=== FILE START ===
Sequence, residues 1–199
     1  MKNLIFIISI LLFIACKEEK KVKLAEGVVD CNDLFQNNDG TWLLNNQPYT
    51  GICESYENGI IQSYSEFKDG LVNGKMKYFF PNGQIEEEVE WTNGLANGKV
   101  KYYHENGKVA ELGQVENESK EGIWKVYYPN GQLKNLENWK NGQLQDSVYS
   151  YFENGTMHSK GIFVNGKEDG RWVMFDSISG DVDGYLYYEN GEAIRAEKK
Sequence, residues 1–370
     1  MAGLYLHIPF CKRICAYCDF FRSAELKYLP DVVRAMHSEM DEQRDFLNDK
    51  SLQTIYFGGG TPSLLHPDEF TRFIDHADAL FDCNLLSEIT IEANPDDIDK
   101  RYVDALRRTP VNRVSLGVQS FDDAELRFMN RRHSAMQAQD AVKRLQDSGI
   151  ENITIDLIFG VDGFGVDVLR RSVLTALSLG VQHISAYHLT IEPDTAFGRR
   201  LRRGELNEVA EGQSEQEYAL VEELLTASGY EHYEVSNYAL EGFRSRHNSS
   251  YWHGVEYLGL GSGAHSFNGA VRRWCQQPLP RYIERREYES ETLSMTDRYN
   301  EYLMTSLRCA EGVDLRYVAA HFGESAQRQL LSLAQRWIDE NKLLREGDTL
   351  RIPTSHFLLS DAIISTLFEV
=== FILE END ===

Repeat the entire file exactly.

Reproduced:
Sequence, residues 1–199
     1  MKNLIFIISI LLFIACKEEK KVKLAEGVVD CNDLFQNNDG TWLLNNQPYT
    51  GICESYENGI IQSYSEFKDG LVNGKMKYFF PNGQIEEEVE WTNGLANGKV
   101  KYYHENGKVA ELGQVENESK EGIWKVYYPN GQLKNLENWK NGQLQDSVYS
   151  YFENGTMHSK GIFVNGKEDG RWVMFDSISG DVDGYLYYEN GEAIRAEKK
Sequence, residues 1–370
     1  MAGLYLHIPF CKRICAYCDF FRSAELKYLP DVVRAMHSEM DEQRDFLNDK
    51  SLQTIYFGGG TPSLLHPDEF TRFIDHADAL FDCNLLSEIT IEANPDDIDK
   101  RYVDALRRTP VNRVSLGVQS FDDAELRFMN RRHSAMQAQD AVKRLQDSGI
   151  ENITIDLIFG VDGFGVDVLR RSVLTALSLG VQHISAYHLT IEPDTAFGRR
   201  LRRGELNEVA EGQSEQEYAL VEELLTASGY EHYEVSNYAL EGFRSRHNSS
   251  YWHGVEYLGL GSGAHSFNGA VRRWCQQPLP RYIERREYES ETLSMTDRYN
   301  EYLMTSLRCA EGVDLRYVAA HFGESAQRQL LSLAQRWIDE NKLLREGDTL
   351  RIPTSHFLLS DAIISTLFEV